Ecuador’s Cocoa Farmers Advocate for Fair Trade Amid Global Price Surge on Valentine’s Day

On Valentine’s Day, Ecuadorian cocoa producers, hailing from the birthplace of cocoa, championed the celebration with chocolate while demanding fair compensation for farmers. Amid environmental challenges in Ghana and Ivory Coast, the world’s leading cocoa producers, global cocoa prices have soared to historic highs. At a fair in Quito named ‘Say It With Chocolate,’ the Ecuadorian cocoa community highlighted the need for fair farmer compensation in light of a 40% price hike in the U.S. since the year’s start.

In the Heart of Ecuador: A Call for Justice and Sustainability

In the heart of Ecuador, the cradle of cocoa, a movement is stirring among the fields and forests that have birthed the precious cacao bean for thousands of years. This Valentine’s Day, the echo of a timeless tradition was intertwined with a call for justice and sustainability from the hands that cultivate one of the world’s most beloved treasures: chocolate. Amidst a backdrop of soaring global cocoa prices, Ecuadorian cocoa producers gathered in Quito at the ‘Say It With Chocolate’ fair, transforming the day of love into a platform for advocacy, demanding fair compensation for farmers, and shining a spotlight on the challenges and opportunities within the cocoa industry.

Historically, Ecuador holds a revered place in the chronicles of cocoa. Archaeological finds in Palanda, near the Peruvian border, revealed cocoa residue in pottery dating back 5,000 years, belonging to the Mayo Chinchipe culture. This discovery underscores Ecuador’s ancient ties to cocoa, a legacy that Ecuadorian farmers today are determined to honor with practices that ensure sustainability, fairness, and quality.

The significance of cocoa to Ecuador transcends mere agricultural output; it is woven into the nation’s identity. Ecuador is celebrated for its biodiversity and being a leading producer of “fine aroma” cocoa. This designation speaks to its cocoa beans’ quality, flavor, and aromatic profile. The country is the world’s third-largest cocoa producer, a testament to the dedication of approximately 400,000 individuals in the cocoa value chain. In 2023 alone, Ecuador exported 352,000 tonnes of cocoa and derivatives, marking a significant contribution to the global chocolate industry.

‘Say It With Chocolate’ Fair: Advocacy for Fair Compensation

The ‘Say It With Chocolate’ fair in Quito brought together rural entrepreneurs from provinces like Napo, Santo Domingo de los Tsáchilas, Manabí, Imbabura, and Pichincha, along with private companies, public institutions, and cooperation agencies dedicated to supporting the cocoa chain. Among the participants was Paccari, an Ecuadorian chocolate company that has gained international fame for its commitment to fair trade. Alexandra De la Torre, responsible for Institutional Relations at Paccari, emphasized the company’s longstanding advocacy for fair cocoa pricing, highlighting the importance of national pride in Ecuador’s cocoa heritage.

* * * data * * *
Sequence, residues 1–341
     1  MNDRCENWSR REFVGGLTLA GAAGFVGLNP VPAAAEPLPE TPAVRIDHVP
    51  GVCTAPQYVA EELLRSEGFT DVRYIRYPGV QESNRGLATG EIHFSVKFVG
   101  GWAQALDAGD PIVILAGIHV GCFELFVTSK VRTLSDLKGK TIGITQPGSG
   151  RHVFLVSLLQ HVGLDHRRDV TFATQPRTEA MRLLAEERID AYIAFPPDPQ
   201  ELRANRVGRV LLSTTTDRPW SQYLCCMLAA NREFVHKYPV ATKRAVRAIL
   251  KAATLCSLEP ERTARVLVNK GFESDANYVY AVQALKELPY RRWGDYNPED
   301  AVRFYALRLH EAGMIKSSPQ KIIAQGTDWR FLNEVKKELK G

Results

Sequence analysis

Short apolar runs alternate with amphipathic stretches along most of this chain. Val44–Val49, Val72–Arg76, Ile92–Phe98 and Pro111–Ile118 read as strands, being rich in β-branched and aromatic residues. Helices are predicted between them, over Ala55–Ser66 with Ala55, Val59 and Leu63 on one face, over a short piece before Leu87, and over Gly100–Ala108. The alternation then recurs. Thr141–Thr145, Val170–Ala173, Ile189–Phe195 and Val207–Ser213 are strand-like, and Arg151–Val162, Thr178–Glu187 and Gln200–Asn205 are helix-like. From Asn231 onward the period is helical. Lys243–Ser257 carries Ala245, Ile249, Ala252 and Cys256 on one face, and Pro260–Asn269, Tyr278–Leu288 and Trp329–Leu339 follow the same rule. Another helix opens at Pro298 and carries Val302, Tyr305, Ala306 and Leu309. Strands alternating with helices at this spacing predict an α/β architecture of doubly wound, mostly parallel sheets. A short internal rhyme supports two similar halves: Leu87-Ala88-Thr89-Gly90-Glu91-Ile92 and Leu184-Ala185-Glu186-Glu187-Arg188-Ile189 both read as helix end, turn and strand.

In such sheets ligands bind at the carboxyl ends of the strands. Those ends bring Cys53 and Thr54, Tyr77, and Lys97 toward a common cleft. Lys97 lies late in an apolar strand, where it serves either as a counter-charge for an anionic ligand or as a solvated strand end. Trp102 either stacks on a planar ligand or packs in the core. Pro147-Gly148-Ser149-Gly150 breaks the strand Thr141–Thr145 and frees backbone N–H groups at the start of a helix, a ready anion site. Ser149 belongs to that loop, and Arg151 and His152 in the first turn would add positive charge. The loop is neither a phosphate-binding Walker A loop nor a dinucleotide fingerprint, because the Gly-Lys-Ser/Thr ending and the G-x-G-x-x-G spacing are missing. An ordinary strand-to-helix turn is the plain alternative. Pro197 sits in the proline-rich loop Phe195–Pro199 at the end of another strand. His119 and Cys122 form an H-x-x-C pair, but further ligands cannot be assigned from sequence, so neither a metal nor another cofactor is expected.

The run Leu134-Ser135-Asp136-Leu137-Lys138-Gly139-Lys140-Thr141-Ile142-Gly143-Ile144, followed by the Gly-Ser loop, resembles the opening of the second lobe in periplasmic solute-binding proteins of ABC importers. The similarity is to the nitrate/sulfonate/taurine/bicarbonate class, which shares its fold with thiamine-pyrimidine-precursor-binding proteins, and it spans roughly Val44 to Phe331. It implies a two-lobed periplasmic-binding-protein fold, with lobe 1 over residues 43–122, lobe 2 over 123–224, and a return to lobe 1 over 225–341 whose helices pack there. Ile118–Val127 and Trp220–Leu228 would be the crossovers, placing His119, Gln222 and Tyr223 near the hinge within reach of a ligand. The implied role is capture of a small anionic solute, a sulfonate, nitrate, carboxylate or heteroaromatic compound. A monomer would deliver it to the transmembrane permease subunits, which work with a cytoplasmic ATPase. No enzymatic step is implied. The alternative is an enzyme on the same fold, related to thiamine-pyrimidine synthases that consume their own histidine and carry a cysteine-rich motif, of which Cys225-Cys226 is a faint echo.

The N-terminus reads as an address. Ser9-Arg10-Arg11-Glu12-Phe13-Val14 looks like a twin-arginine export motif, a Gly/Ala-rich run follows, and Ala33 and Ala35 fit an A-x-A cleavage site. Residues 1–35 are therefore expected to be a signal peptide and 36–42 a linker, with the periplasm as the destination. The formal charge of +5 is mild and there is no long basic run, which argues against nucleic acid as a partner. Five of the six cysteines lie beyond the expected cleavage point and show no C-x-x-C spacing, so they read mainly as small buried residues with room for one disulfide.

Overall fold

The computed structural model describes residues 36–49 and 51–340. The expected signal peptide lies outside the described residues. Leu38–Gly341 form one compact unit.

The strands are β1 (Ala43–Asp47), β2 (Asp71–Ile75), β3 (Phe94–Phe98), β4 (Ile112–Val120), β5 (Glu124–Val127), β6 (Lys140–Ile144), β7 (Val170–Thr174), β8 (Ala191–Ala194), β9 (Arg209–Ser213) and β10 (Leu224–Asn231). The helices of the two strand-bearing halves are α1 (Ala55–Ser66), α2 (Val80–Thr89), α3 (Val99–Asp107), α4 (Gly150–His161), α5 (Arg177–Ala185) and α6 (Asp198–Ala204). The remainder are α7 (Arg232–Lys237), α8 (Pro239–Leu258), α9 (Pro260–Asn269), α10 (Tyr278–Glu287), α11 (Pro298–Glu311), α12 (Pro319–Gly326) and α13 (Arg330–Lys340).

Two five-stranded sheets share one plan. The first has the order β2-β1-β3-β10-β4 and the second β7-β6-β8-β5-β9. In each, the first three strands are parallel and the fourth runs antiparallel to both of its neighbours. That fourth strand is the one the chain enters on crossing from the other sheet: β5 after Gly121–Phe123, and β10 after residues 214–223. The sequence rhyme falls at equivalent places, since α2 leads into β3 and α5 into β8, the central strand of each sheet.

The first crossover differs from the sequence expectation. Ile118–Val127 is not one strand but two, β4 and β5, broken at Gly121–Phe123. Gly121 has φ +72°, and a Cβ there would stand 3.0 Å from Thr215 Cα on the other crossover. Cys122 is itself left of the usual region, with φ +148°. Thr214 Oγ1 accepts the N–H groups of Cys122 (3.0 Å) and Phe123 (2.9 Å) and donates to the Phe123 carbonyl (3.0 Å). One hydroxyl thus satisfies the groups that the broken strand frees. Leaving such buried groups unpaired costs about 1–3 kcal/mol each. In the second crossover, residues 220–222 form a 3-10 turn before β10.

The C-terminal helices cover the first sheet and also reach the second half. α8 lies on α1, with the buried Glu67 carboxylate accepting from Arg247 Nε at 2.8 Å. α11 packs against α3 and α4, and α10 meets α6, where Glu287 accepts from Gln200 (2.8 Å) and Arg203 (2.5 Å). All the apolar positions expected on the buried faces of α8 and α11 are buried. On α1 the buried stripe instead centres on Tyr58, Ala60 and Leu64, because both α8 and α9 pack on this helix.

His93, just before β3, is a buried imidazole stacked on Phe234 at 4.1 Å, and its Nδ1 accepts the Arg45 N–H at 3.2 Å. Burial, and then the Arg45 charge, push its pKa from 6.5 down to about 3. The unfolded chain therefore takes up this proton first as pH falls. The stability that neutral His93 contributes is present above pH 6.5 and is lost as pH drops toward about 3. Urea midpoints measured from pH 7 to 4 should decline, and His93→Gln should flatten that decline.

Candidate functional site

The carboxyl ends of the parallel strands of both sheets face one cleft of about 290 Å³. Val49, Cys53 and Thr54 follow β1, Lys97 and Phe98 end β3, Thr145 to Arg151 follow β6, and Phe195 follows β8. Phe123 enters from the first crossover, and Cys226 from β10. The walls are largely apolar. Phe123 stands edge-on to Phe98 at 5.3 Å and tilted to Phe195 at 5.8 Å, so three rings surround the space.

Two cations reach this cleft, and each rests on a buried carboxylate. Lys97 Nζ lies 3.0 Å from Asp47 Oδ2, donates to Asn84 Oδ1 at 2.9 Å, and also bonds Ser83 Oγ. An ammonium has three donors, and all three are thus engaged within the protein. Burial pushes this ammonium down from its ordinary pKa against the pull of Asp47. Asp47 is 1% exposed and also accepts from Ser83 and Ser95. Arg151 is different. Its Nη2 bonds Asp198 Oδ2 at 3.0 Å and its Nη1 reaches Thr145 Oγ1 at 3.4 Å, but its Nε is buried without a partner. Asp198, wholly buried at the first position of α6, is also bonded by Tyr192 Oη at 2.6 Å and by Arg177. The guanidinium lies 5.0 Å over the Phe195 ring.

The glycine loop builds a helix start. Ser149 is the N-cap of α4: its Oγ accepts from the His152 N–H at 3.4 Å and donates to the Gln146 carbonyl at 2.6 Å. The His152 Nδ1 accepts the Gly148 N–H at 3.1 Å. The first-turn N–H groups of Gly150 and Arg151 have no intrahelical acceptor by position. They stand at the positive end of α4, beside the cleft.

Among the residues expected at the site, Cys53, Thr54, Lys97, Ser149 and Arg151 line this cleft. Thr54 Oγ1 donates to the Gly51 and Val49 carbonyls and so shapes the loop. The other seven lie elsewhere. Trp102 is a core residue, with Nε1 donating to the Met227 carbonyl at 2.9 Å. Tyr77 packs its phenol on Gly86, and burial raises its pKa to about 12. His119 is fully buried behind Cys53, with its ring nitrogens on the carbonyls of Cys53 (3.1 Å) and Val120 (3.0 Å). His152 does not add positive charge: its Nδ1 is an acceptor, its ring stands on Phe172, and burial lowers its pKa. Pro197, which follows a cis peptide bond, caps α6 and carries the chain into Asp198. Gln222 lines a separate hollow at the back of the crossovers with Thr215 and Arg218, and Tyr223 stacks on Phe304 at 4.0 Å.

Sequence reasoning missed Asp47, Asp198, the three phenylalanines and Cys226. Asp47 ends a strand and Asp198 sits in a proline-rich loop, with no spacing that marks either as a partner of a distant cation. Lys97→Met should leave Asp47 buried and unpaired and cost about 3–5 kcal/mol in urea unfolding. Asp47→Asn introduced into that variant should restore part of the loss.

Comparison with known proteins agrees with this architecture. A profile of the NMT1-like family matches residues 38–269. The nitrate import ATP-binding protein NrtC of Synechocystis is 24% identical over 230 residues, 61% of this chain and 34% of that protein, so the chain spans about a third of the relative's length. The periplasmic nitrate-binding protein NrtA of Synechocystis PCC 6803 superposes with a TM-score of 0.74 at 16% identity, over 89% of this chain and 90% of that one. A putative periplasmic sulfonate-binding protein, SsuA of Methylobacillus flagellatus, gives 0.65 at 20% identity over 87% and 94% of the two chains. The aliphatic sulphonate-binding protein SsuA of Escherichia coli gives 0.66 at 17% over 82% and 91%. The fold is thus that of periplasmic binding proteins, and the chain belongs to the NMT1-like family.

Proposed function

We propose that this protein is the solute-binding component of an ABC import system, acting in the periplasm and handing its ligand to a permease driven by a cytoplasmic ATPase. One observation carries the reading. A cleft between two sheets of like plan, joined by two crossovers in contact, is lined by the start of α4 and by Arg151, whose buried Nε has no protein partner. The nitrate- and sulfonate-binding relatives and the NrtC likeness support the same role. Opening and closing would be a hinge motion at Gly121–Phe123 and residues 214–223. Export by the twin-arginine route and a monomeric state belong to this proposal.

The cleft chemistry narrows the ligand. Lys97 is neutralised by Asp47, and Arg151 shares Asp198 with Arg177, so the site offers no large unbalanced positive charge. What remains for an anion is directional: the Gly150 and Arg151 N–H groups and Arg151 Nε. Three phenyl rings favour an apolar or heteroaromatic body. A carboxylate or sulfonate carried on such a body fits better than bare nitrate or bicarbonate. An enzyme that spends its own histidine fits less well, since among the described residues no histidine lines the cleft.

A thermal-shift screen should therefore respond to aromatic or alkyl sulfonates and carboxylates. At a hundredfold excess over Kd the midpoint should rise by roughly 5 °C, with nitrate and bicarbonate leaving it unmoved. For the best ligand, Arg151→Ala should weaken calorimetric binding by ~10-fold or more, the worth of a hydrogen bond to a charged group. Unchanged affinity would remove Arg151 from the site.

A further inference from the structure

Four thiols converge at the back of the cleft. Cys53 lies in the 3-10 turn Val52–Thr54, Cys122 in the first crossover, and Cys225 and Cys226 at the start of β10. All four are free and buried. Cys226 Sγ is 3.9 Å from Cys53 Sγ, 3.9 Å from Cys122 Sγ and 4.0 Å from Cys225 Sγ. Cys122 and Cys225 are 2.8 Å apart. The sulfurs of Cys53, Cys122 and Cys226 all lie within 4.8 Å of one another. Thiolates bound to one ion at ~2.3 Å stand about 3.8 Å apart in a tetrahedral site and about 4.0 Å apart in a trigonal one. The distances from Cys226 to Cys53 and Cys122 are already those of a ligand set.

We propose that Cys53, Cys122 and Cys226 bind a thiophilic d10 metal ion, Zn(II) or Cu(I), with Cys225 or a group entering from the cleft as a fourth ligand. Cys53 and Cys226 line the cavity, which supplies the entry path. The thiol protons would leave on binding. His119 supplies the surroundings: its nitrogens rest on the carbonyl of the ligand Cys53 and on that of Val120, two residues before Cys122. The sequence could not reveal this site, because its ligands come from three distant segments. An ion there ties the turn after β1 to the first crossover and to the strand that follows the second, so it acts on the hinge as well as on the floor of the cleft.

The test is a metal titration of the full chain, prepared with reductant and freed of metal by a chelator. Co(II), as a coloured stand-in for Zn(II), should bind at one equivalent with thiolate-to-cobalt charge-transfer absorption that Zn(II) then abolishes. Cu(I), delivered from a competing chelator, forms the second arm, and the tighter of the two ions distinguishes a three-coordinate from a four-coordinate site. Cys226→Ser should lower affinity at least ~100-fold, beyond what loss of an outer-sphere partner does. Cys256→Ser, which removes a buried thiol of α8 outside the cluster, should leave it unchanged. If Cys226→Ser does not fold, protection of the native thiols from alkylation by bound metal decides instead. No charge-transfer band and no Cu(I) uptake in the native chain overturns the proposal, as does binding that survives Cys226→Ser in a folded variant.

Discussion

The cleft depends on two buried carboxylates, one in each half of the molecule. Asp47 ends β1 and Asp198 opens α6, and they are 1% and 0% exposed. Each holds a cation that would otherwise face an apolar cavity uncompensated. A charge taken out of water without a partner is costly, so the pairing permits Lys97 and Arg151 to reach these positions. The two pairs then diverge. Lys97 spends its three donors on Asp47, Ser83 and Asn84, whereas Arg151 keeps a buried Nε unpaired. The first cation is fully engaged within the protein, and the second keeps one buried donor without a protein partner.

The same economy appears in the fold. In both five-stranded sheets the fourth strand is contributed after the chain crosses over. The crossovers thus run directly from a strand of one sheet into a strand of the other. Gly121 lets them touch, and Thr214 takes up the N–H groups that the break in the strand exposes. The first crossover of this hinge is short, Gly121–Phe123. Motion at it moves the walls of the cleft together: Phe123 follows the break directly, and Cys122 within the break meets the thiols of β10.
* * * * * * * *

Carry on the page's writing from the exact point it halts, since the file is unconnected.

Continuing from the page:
The call for fair compensation comes at a critical time. Global cocoa prices have hit record highs, influenced by environmental challenges in Ghana and Ivory Coast, which account for around 60% of the world’s cocoa production. In the United States, cocoa prices surged by 40% since the beginning of the year, according to CNBC, placing unprecedented pressure on the chocolate industry. This price hike is attributed to the adverse effects of El Niño, which has caused drier conditions in West Africa, significantly impacting cocoa yield.

Ecuador’s response to these global challenges is multifaceted. Farmers like Víctor Coquinche, administrator of the Mishki Runa Producer Association in Napo, emphasize the importance of valorizing agricultural labor and improving productive practices. Mishki Runa, seeking to support local farmers with better prices, represents a growing movement towards independence and sustainability in cocoa production. The association is also pursuing organic certification to access international markets, having already sent cocoa samples to France for potential export.

Government Acknowledgment and Support

The Ecuadorian government acknowledges the strategic importance of the cocoa sector. Esteban del Hierro, Vice Minister of Agricultural Productive Development, highlighted the exceptional characteristics of Ecuadorian cocoa, which has positioned the country as a preferred source for premium chocolate manufacturers worldwide. The rigorous and delicate processes of fermentation and drying employed in Ecuador ensure that its cocoa beans meet the highest quality, flavor, and aroma standards.

The record international prices for cocoa, which reached $5,888 per ton for March delivery in New York and London, underscore the urgency of addressing cocoa producers’ challenges. A year prior, prices stood at $2,600 per ton, indicating a significant shift in the market dynamics. This surge affects chocolate prices, which have increased by 10% in the United States, and highlights the vulnerability of cocoa production to climate change.

Also read: Colombia Secures Multimillion-Dollar Loans to Bolster Peace Plans

The situation in Ecuador and the broader narrative of cocoa production globally serves as a poignant reminder of the interconnectedness of environmental sustainability, fair trade, and the preservation of cultural heritage. As Ecuadorian cocoa producers unite to advocate for fair compensation and sustainable practices, they aim to protect their livelihoods and ensure the future of chocolate, a product of love and labor, for generations to come. In the spirit of Valentine’s Day, Ecuador’s message is clear: the essence of chocolate extends beyond its taste, embodying values of fairness, sustainability, and pride in a legacy that dates back millennia.

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